Converting two 32-bit ints to a u_int64_t...

This is a discussion on Converting two 32-bit ints to a u_int64_t... within the C Programming forums, part of the General Programming Boards category; I have a function that retrieves the high and low order bits of the CPUs cycle-counter (Using GCC asm): Code: ...

  1. #1
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    Converting two 32-bit ints to a u_int64_t...

    I have a function that retrieves the high and low order bits of the CPUs cycle-counter (Using GCC asm):

    Code:
    void access_counter(unsigned *hi, unsigned *lo) {
            asm("rdtsc; movl %%edx,%0; movl %%eax,%1"
            : "=r" (*hi), "=r" (*lo)
            :
            : "%edx", "%eax");
    }
    ... And I am writing a function that returns a u_int64_t based on the high and low order bits of access_counter():

    Code:
    u_int64_t get_cycles(void) {
            unsigned hi, lo;
            u_int64_t hi_shift;
    
            access_counter(&hi, &lo);
    
            hi_shift = hi;
    
            return (hi_shift << 32) + lo;
    }
    ... This seems like the correct way of doing this. The only problem is that I cannot think of a way to check if it is correct. So I was hoping someone could look this over and see if this correctly returns the value of the cycle counter as a u_int64_t.

    Thanks

  2. #2
    Algorithm Dissector iMalc's Avatar
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    That should work, but a union would be easier.
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    Quote Originally Posted by iMalc View Post
    That should work, but a union would be easier.
    I've never heard of unions in C. How would that work in this context?

    Also.. How could I print a u_int64_t to stdout? %lld doesn't seem to work.

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    It's not u_int64_t, it's uint64_t. [edit]u_int64_t exists on some platforms.[/edit]

    lld is the conversion specification for a long long signed int.

    Use PRIu64 in inttypes.h:
    Code:
    uint64_t a=123;
    printf("It is: &#37;" PRIu64 "\n",a);
    see 7.8.1 of the C standard.
    Last edited by robwhit; 02-16-2008 at 07:40 PM.

  5. #5
    Algorithm Dissector iMalc's Avatar
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    Quote Originally Posted by elfjuice View Post
    I've never heard of unions in C. How would that work in this context?

    Also.. How could I print a u_int64_t to stdout? &#37;lld doesn't seem to work.
    This is a slightly simplified version of LARGE_INTEGER from WinNT.h in VS2005 Express:
    Code:
    typedef union _LARGE_INTEGER {
        struct {
            DWORD LowPart;
            LONG HighPart;
        };
        LONGLONG QuadPart;
    } LARGE_INTEGER;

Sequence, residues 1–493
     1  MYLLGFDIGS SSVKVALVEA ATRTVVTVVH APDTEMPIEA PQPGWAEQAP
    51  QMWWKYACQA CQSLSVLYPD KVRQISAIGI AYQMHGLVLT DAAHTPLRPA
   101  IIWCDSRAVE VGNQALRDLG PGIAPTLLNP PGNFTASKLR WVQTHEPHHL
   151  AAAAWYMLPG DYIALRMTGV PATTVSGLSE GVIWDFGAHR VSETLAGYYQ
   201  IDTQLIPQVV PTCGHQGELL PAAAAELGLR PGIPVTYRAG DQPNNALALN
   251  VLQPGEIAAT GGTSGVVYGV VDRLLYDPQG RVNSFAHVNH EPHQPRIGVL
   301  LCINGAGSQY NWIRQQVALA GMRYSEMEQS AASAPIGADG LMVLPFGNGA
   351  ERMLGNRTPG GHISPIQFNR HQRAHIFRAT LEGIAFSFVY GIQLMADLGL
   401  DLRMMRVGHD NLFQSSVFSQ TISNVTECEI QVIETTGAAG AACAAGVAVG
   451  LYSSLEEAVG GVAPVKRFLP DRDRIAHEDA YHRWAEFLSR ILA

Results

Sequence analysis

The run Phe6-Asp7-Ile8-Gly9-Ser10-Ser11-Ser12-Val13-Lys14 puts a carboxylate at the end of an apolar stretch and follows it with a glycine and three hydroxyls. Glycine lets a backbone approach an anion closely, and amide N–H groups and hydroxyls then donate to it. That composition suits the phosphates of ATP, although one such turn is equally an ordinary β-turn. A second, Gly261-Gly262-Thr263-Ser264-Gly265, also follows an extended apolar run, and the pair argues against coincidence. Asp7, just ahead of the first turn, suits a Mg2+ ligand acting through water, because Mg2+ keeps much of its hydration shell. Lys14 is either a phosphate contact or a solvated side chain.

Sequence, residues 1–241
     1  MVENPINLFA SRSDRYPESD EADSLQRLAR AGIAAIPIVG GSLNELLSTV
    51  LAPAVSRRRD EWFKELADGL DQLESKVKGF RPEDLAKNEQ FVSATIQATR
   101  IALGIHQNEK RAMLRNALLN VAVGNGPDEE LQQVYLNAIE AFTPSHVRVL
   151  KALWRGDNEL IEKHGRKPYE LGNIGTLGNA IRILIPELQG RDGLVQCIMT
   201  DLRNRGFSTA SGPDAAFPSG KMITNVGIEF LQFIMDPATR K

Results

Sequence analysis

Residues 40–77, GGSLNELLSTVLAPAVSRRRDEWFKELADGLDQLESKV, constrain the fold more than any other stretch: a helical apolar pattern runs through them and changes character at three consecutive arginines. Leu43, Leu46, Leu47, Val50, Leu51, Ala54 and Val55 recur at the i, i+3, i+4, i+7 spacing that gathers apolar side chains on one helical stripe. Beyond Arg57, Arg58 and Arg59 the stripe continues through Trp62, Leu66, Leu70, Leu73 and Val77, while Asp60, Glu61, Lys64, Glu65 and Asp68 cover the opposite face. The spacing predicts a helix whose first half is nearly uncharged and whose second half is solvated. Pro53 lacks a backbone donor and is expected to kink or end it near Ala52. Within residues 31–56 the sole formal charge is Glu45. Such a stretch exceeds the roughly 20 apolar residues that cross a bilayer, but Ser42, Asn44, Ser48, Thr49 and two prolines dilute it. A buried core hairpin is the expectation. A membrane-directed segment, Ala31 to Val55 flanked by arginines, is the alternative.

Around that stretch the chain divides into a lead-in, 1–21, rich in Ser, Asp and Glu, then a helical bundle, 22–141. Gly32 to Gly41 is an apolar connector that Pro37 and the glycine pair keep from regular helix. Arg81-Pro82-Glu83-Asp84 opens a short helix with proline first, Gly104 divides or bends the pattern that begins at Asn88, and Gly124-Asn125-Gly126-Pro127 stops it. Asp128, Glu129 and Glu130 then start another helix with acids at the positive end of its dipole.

You can use it like this:
    Code:
    u_int64_t get_cycles(void) {
            LARGE_INTEGER l;
    
            access_counter(&l.HighPart, &l.LowPart);
    
            return l.QuadPart;
    }
    My homepage
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  6. #6
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    Quote Originally Posted by robwhit View Post
    It's not u_int64_t, it's uint64_t.

    llu is the conversion specification for a long long unsigned int.

    Use PRIu64 in inttypes.h:
    Code:
    uint64_t a=123;
    printf("It is: " PRIu64 "\n",a);
    see 7.8.1 of the C standard.
    It is u_int64_t as defined in sys/types.h (unix).

    Thanks for the help. But if my shift method works correctly then I will leave it how it is.

    Thanks again.

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    Yes, I had been doing some research on that and it appears that I'll have to eat my words.

    My post has been edited to reflect some changes.

    I can't find anywhere that u_int64_t is anything other than an unsigned long long int, so I guess you could use &#37;llu, which coincidentally goes right against what I originally had my post saying.[edit]ok that's not true either... lemme do some more research...[/edit]
    Last edited by robwhit; 02-16-2008 at 07:36 PM.

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    Yes! I found it. Yes, I was looking all that time.

    u_int64_t i;
    printf ("&#37;ju", (uintmax_t) i);

    http://www.daemonnews.org/mailinglis.../msg00397.html

    This will work for any integer type under C99, regardless of what the typedef is.
    Last edited by robwhit; 02-16-2008 at 07:39 PM.

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    Quote Originally Posted by robwhit View Post
    Yes! I found it. Yes, I was looking all that time.

    u_int64_t i;
    printf ("%ju", (uintmax_t) i);

    http://www.daemonnews.org/mailinglis.../msg00397.html

    This will work for any integer type under C99, regardless of what the typedef is.
    Awesome. That helps.

    Thanks

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